c) We are commanded to grow in our knowledge of God – 2 Timothy 4:2-4

d) This God is to be worshipped and part of our service and submission to this God, is that worship is given to Him alone (Deuteronomy 5v6-9). As humans we are created in His image, and as Christian disciples we were bought at a price when Jesus died on the cross and we accepted Him as our Lord and saviour. He is due our worship and reverence! It is on worship that I hope to discuss next time!

One of the best books regarding getting to know God is the appropriately titled “Knowing God” by JI Packer – it’s a thoroughly modern and readable classic! For more to think about, please do read for yourself 2 Peter 1:3-9. Ask yourself the following questions, writing them down if you can, and see how you respond or react to them. Then why not share your answers with your spouse or a close friend, so that you can pray over any issues together.

Q1. From my knowledge of God, what do I find comforting?

Q2. From my knowledge of God, what do I find disturbing?

Q3. How has my knowledge of God grown and affected my behaviour since I became a Christian disciple?

As ever, if you have any comments to make on this, please do contact me at partake(at) I would love to hear from you and if these are making any difference at all to your continual Christian discipleship! Thank you.

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27. Partake – The Christian disciple and Meditation

Psalm 119vv22-27: Don’t let them scorn and insult me, for I have obeyed your laws. Even princes sit and speak against me, but I will meditate on your decrees. Your laws please me; they give me wise advice. I lie in the dust; revive me by your word. I told you my plans, and you answered. Now teach me your decrees. Help me understand the meaning of your commandments, and I will meditate on your wonderful deeds.

The Psalmist here describes the benefits of reading and meditating upon the Bible. God’s words become a delight as he follows God’s decrees. A sense of wonder is instilled as God’s word is meditated upon. Strength overcomes tiredness as he listens to God speaking through the Bible. These are also true for the Christian disciple!

.. Prayers ...

Photo courtesy of Maggie

For some people, meditation is passive and involves being quiet, saying a chant, letting the mind go blank and seeking to experience God. However meditation for the Christian disciple is active. It is the filling of the mind with the Bible and not the emptying of thought. It is also not seeking to experience God’s presence, as God is always present with the believer through the indwelling of the Holy Spirit. Meditation is where imagination is involved and allowing God to speak through the Bible. How is this done?

Meditative Practice

Day 9

Photo courtesy of Linda

Whilst aiming at the positive and the renewing of our minds (Rom 12:1-2), mental prayer is meditation, which involves both reason and intellect. The use of reason and intellect in meditation is achieved through the mental and spiritual process of reading the Bible, so that it becomes a living part of the Christian disciples’ life. By internalising God’s words from the Bible into the heart & mind, God’s thoughts become the Christian disciple’s thoughts. Meditating on the Bible enables the words of the Bible to infiltrate all areas in the life of a Christian disciple.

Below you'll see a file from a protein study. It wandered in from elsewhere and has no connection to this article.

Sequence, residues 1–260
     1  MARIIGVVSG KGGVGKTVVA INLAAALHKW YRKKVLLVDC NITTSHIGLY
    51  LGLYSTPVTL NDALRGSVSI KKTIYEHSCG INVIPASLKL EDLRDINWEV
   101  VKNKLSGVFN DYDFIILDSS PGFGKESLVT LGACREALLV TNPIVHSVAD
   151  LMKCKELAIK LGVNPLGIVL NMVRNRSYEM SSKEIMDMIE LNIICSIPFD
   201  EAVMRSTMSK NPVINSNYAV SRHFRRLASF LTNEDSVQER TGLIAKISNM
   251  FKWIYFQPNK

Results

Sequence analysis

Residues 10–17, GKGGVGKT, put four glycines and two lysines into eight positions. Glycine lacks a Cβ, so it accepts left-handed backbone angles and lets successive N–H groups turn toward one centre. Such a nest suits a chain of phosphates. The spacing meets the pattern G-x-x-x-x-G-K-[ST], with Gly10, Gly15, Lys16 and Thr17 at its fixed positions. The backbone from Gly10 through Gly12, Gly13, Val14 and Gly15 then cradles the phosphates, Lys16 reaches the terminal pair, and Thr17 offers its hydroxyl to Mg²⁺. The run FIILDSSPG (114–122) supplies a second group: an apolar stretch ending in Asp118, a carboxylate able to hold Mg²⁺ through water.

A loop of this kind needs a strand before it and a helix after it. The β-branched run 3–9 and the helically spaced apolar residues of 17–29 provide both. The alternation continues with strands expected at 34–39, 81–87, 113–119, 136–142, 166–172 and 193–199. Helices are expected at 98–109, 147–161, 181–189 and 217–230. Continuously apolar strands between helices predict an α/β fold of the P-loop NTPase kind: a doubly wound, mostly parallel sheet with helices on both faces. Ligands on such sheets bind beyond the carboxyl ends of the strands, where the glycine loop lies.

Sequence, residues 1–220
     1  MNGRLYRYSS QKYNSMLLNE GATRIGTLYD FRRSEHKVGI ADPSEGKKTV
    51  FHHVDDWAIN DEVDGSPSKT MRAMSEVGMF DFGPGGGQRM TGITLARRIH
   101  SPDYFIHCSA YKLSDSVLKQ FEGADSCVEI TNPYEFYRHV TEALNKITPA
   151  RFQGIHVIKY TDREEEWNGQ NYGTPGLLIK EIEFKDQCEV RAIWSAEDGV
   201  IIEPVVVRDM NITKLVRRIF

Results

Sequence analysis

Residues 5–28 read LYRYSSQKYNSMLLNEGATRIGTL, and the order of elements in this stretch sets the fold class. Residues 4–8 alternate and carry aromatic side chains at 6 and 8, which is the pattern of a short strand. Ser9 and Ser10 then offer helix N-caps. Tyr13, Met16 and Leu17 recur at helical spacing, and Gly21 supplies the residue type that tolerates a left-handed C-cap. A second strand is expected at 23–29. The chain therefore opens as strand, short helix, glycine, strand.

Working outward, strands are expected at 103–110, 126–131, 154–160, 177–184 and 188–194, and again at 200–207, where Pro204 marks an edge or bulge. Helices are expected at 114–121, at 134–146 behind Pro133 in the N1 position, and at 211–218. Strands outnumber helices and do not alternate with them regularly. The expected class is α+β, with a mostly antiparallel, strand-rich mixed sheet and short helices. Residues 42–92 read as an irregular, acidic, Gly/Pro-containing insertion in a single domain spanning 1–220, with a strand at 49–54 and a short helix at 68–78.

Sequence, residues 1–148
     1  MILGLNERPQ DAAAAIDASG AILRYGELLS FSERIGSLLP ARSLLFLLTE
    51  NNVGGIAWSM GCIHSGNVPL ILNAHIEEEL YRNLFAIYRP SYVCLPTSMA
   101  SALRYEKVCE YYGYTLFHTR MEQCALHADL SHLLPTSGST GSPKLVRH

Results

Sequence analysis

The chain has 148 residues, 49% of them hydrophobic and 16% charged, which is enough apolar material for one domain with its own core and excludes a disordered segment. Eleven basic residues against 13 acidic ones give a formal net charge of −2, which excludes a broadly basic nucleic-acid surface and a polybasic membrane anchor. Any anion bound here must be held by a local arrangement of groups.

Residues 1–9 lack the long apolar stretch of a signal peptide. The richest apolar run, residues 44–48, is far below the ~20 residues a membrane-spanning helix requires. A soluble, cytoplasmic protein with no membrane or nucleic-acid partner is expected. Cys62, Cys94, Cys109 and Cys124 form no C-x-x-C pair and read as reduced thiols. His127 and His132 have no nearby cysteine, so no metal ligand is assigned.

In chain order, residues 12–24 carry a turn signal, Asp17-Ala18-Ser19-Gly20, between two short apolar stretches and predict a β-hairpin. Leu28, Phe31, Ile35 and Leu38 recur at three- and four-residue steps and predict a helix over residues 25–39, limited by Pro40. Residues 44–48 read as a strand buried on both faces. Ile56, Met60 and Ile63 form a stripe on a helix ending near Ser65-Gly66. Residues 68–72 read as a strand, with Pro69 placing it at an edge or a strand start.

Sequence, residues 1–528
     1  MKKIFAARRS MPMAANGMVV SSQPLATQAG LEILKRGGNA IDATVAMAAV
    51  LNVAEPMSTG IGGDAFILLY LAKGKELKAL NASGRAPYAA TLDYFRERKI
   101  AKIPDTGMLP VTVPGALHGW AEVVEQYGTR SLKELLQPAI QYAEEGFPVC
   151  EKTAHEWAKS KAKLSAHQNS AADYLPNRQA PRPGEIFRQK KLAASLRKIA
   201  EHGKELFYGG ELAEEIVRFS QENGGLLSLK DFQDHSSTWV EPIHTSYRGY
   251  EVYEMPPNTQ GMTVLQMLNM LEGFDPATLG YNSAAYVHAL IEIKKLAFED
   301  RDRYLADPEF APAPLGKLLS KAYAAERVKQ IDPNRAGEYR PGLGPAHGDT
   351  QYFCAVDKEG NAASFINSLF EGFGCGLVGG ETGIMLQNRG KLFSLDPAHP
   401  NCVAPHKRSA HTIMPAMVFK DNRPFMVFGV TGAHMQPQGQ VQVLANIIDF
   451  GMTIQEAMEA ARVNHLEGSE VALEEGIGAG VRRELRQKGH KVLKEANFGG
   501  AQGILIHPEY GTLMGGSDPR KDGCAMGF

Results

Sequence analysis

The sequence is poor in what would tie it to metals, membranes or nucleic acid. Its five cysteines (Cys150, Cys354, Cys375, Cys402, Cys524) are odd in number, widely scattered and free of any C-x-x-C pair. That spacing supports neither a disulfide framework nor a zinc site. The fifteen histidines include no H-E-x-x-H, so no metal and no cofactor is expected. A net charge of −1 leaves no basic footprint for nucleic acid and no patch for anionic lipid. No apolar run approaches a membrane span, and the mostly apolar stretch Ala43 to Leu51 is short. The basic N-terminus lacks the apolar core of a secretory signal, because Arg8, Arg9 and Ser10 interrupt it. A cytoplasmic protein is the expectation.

For meditation to be effective, silence and solitude are prerequisites. However, silence and solitude should not mean loneliness but rather be an aid to meditation, reflection, understanding & peace. One example of how to mediate involves memorization, visualization, personalization and activation. Memorization is to rebuild our thought patterns by memorising words in the Bible passages especially those related to problems we maybe facing or those that glorify God. Visualization is to try and understand God’s words and thoughts from His point of view. Personalization is to stabilize the emotions expressing the words of Bible in the first person. Finally, Activation, which is to draw new conclusions and make new life changing decisions based on the Bible. This all helps in the process of becoming more like Jesus in the journey of the Christian disciple. It also equips us for doing battle with satan and resisting temptation. Jesus fended off and attacked satan by using Scripture correctly so as to negate the temptations. That is why it is a weapon in the spiritual battle. Satan will do all he can to get Christian disciples to compromise their faith, fall into sin and not read the Bible.


Reading and meditation on the bible does many things for the Christian disciple. It equips the Christian disciple for service of God and to convict people of sin. Then as it equips, it is essential for evangelism and pointing others to Jesus. An example of this is when Philip was talking to the Ethiopian about the Christ; it was Isaiah 53, which was the point of query. It also equips in order to give counsel & help others, such as when Paul urged Timothy to use Scripture when teaching others. Then it equips the Christian disciple to use their spiritual gifts, so that the whole church is encouraged and God is glorified. Spiritual maturity derives from building Bible knowledge into the life of the Christian disciple.